Here's the second part of Helen's story. More's to come. I'm starting to get really into this story...and I have to admit, I'm quite pleased with myself about it. :P Enjoy! :)
As Helen and her siblings tromped through the door, she heard it--that tone of voice her mom used when she was upset, anxious, or worried. It had already been a really strange day. Mom hadn't gone to work, and had asked Eleanor to stay home from school. No answers had been given, no explanations. Mom had asked a neighbor to make sure the girls got to and from school safely and quickly.
And there Helen was, walking into the moment that would change her life, not really even realizing it. She slowed down at the sound of her mother's anxious voice, and looked down at her younger siblings, holding a finger to her lips to signal quiet. She walked, or rather crept, into the kitchen where her mother and older sister sat, gesturing for her brother and sister to follow behind her slowly. Mom looked up.
"Hello, Helen," she said, quickly wiping a tear from her red face. Eleanor stared down at her glass of water, not speaking, not looking, not moving. Helen stopped suddenly and waited for an explanation.
"Jamie, Katherine, why don't you two go play in your rooms for a few minutes?"
Jamie and Katherine looked at each other, then at their mom, then at Helen. Again they looked at their mom.
"Well...okay," replied Katherine slowly. And she led Jamie off to her room, quietly shutting the door, sensing something unsettling.
Helen stood stock still, numb.
"Sit down, Helen, dear."
Helen slid into the chair across from her mom.
"I need to tell you some things."
"Is it dad?" Helen was suddenly panicked and frenzied. Something was wrong, terribly wrong. "Why didn't you go to work? Why did you ask Eleanor to stay home? What's going on?"
Eleanor still stared at her water.
"Helen, honey, it's not dad," replied Diane. "At least, it's not only about him. But...there's going to be some changes around here...and they are connected to some choices your dad has made." She sighed. "Or rather been forced into," Helen heard her murmur.
"Yes? I'm listening! Tell me!" Helen was desperate.
Diane looked up. "Do you remember the last letter we got from your dad?"
"Yes," said Helen. She memorized all of her dad's letters word for word. They were so special, so dear.
"Do you remember, at the end, when he wrote the name, Sergeant Milo? And it was in a small, small print? And we were...confused?"
"Yes," Helen replied, puzzled. She had brushed it off as some sort of mistake he had made. She had guessed that he had meant to write it on a different piece of paper. He was, after all, on a tight schedule, and if she knew her dad, she knew he could get absent-minded sometimes when under pressure.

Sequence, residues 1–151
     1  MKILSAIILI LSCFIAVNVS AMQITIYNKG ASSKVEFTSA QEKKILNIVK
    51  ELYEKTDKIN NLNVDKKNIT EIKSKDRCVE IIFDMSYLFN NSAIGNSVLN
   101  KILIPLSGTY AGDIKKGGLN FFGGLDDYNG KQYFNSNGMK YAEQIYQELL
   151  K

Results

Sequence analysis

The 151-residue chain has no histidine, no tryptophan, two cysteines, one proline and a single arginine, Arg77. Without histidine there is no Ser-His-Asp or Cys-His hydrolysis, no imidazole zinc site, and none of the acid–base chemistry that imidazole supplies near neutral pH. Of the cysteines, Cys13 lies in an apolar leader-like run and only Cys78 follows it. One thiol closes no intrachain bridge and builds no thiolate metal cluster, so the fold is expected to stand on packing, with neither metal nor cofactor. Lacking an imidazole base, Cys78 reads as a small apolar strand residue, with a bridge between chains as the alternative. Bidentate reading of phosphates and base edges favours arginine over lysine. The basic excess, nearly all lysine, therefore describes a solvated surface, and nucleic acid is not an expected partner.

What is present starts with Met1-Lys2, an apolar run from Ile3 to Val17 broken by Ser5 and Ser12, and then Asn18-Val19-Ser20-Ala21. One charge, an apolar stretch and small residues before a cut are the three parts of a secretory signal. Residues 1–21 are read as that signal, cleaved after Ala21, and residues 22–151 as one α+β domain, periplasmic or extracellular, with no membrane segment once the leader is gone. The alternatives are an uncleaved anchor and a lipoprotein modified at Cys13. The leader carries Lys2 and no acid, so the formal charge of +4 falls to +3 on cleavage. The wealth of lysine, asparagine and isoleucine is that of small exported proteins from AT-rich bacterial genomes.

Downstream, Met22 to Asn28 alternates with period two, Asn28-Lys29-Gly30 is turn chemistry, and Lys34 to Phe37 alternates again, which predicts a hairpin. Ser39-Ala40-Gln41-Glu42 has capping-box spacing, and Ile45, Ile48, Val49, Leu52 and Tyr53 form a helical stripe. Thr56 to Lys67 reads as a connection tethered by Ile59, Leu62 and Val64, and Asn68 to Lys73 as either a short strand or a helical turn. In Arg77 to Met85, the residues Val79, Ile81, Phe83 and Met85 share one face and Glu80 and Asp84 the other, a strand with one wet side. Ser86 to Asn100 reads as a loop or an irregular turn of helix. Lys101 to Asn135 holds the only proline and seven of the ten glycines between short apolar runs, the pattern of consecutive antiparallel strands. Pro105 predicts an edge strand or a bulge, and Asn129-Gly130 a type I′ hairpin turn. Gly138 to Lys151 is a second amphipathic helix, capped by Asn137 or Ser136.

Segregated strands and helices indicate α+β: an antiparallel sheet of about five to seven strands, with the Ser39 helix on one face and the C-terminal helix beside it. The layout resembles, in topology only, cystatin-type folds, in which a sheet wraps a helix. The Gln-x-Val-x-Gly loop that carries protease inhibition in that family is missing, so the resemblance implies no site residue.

"I wasn't really confused," Diane continued. "I mean, for a moment I was. But you see, Helen, your father got wrapped up in a very serious, very secret matter in the army. It's the development of some new weapons. Very helpful, but very dangerous weapons. And, well, you now how your father is. He loves to be of help, and he's so patriotic, and he's good with any kind of machinery. A friend of his recommended him to the more secretive departments of the army and it flew from there."
Helen shook her head. What? Stories like this only existed in spy books and mystery books, didn't they? Or did they? Diane rested her hands in her lap and sighed again.
"And?" Helen knew there was more to the story.
"And now, he's in trouble because of those weapons. His whole division is. But especially him. And the enemies overseas will do anything to take him out."
"Take him out? Anything?"
"Yes, anything," said Diane. "Including tracking his family down."
Helen let out a deep breath. Now she understood. Partially. She was dazed.
"So? What does this mean for us, mom?"
Diane placed a hand on her daughter's back. "It means that we have to go into the protection of the army. We have to split up, hide, lay low...at least for a little while," she said quietly.
"What do you mean, split up? We're a family! And we're kids! We can't just split up!"
"Helen, it's the only way! I can barely keep the family afloat financially, anyway, and the army will house, feed, clothe, and educate you all if we go into hiding with them. It is," she sighed and said again, "the only way."
"Helen." Eleanor looked up for the first time and spoke now. "Mom is under pressure. We all are. But we need to be strong for each other."
Helen looked up at Eleanor. Eleanor gave her a pleading look. Helen sighed and looked at her mother.
"How can I help?"
"All of you will be split up in two pairs. Both pairs will travel out of state, and I'll be taken into hiding out of state, too. We will stay with different hosts wherever the army decides to send us."
Helen just stared. Pairs? Hosts? They were going out of state? Wherever the army decided to send them?
"Helen, are you okay?" She suddenly felt a tear slip down her cheek, then another, then another, as her mother's arms embraced her.